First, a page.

She took a place near the front and began flirting her white mane. hiding on Pinchfield Farm. Boxer was the admiration of everybody. the sheep. to give the signal for flight and leave the field to the enemy." said Clover."Muriel. but Boxer paid no attention. Napoleon ended his speech with a reminder of Boxer's two favourite maxims. They ran thus:THE SEVEN COMMANDMENTS1. the chance to utter any protest had passed. In addition. and such animals as were tall enough peered in at the dining-room window. and nine enormous dogs wearing brass-studded collars came bounding into the barn. Jones saw him coming. Their struggles and their difficulties were one. Remove Man from the scene. after all. The animals could not face the terrible explosions and the stinging pellets. but this time they did not have the easy victory that they had had in the Battle of the Cowshed. We have removed the sheets from the farmhouse beds. he added. with their sticks and their hobnailed boots. who were the brains of the farm. By the evening of that day Napoleon was back at work. was a piece of paper with a promise to pay written upon it. not even when the pigs took Mr. and escorted him back to the farmhouse as soon as he was able to walk. All animals are equal.
who looked like a publican. Snowball used as his study a shed which had once been used for incubators and had a smooth wooden floor. They were all carrying sticks. and many animals followed him? And do you not remember. Nobody shirked-or almost nobody. Even Boxer was vaguely troubled. The field beyond the orchard had already been sown with barley. And about half an hour later. The others said."It says. Snowball also threw on to the fire the ribbons with which the horses' manes and tails had usually been decorated on market days. as usual.Afterwards Squealer was sent round the farm to explain the new arrangement to the others. And now-thanks to the leadership of Comrade Napoleon-we have won every inch of it back again!""Then we have won back what we had before. who had just come in to lay again.It had come to his knowledge. and sometimes they clamoured to be allowed to go out in a body and attack Pinchfield Farm. the pool. so that all the materials for building were at hand. A deputation of neighbouring farmers had been invited to make a tour of inspection. with Squealer and another pig named Minimus. who was elected unanimously.The whole farm was deeply divided on the subject of the windmill. two legs bad. Mr. neatly piled on a china dish from the farmhouse kitchen.They limped into the yard. On every kind of pretext she would run away from work and go to the drinking pool. the tame raven.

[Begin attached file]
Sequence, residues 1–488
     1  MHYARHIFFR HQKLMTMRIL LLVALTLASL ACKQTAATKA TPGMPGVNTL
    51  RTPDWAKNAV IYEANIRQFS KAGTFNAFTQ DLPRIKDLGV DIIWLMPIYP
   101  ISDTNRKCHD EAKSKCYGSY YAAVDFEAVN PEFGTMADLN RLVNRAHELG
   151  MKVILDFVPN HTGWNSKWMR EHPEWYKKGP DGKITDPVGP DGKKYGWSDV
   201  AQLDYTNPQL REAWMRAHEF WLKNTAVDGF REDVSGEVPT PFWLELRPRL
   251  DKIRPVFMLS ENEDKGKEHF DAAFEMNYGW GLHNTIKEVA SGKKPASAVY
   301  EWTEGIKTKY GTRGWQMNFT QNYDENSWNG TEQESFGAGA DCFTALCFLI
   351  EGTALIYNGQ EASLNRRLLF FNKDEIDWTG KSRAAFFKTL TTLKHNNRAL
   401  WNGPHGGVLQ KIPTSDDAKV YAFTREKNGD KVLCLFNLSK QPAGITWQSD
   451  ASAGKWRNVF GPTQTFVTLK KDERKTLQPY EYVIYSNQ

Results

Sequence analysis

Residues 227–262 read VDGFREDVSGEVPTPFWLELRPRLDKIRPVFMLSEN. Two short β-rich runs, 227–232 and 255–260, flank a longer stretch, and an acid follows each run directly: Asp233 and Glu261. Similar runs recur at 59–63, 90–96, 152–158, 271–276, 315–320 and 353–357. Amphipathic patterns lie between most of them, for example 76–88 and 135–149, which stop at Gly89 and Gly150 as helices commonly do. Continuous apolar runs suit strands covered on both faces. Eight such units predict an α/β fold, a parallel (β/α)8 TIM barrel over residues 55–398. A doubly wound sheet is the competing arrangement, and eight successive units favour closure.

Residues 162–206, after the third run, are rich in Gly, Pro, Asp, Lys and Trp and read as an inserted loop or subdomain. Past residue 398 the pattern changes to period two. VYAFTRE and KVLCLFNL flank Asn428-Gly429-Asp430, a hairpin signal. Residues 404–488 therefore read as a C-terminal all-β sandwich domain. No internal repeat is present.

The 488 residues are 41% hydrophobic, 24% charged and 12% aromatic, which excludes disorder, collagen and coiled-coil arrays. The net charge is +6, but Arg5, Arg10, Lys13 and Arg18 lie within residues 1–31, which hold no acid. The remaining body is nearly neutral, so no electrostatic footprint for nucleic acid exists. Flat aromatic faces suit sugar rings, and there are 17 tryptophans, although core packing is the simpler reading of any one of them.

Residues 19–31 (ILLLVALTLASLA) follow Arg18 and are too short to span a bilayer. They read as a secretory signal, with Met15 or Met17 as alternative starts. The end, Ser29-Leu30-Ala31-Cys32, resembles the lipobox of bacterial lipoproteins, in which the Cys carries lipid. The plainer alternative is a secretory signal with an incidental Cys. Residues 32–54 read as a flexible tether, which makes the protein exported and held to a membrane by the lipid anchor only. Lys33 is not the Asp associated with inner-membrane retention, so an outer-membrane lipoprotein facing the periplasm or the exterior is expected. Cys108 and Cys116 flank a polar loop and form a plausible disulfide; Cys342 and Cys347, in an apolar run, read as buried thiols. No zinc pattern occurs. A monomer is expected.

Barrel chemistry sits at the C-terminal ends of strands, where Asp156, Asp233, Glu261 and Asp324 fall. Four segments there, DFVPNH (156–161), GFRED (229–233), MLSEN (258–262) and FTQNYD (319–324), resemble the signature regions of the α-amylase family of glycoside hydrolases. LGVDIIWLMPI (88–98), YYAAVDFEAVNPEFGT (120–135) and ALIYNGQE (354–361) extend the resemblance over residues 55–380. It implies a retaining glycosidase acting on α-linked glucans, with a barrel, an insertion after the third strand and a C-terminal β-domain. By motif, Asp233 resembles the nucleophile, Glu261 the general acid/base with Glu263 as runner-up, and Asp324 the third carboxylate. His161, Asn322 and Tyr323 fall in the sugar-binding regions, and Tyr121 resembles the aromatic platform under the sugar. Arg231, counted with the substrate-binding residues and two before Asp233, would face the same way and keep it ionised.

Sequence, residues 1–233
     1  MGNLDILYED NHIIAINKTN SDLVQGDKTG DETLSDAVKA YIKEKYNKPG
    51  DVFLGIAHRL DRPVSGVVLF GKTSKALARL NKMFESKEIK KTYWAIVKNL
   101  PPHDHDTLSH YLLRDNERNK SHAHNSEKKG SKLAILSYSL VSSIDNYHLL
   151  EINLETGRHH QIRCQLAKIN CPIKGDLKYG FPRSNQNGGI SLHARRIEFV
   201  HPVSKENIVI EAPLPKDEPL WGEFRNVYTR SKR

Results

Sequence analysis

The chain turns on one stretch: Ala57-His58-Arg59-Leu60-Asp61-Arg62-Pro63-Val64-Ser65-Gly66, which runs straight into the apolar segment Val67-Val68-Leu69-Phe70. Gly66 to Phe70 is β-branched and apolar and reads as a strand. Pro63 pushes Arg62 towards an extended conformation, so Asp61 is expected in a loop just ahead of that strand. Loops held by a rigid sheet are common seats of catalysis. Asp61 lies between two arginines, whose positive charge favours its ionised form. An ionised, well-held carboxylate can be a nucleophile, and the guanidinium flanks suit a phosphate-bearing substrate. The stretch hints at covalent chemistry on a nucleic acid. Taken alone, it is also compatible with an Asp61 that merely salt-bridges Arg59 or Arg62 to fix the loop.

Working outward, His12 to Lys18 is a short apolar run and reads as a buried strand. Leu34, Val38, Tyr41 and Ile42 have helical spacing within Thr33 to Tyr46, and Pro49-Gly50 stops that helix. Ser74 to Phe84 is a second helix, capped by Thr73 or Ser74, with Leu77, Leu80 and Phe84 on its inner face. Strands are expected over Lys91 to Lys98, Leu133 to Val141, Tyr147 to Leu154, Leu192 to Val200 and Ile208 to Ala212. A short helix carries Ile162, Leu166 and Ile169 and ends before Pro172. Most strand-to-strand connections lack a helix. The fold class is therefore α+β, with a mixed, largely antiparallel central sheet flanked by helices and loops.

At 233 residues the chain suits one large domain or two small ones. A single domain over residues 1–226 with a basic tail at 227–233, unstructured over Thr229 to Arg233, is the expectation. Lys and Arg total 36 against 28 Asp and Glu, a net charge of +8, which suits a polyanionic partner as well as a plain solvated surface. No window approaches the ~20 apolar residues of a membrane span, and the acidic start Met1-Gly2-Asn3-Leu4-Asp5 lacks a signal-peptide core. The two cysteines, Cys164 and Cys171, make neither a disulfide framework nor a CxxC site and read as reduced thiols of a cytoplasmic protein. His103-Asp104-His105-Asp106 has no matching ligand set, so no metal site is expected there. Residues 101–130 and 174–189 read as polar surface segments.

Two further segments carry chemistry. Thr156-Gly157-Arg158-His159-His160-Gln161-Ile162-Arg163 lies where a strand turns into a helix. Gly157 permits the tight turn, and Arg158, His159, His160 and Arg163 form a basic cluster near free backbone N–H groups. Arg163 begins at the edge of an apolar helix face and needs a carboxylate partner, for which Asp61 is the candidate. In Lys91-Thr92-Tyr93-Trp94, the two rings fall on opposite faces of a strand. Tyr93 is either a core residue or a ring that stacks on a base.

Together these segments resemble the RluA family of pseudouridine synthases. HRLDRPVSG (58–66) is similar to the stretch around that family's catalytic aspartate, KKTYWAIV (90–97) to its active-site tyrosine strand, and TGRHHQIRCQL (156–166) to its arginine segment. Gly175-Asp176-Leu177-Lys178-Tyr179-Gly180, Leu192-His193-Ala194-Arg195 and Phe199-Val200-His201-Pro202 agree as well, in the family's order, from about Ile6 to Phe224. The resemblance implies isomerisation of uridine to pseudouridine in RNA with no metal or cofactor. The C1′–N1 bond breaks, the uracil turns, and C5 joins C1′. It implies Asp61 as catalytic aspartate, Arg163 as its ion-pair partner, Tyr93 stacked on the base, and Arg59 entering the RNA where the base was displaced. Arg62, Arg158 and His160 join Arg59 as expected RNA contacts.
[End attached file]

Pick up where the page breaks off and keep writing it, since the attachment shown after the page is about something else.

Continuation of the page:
The solution. and their udders were almost bursting. to which all animals went when they died. After the harvest there was a stretch of clear dry weather. he said. out from the door of the farmhouse came a long file of pigs. and accept the leadership of Napoleon. appetising scent. in which. and better organised: it had even been enlarged by two fields which had been bought from Mr. Squealer explained. Pre-eminent among the pigs were two young boars named Snowball and Napoleon. more processions. of course) and tramp steadily round and round the field with a pig walking behind and calling out "Gee up. Transporting the stone when it was once broken was comparatively simple. But the most terrifying spectacle of all was Boxer. he upset the milk-pails.When it was all over. The four pigs waited. it was felt that the killings which had taken place did not square with this. The animals hated Moses because he told tales and did no work. at least they worked for themselves. could be done with a thoroughness impossible to human beings. a schoolroom would be built in the farmhouse garden. Snowball was a more vivacious pig than Napoleon. was distinctly seen to emerge from the back door. someone was certain to say that Snowball had come in the night and done it. You. as Mollie strolled blithely into the yard.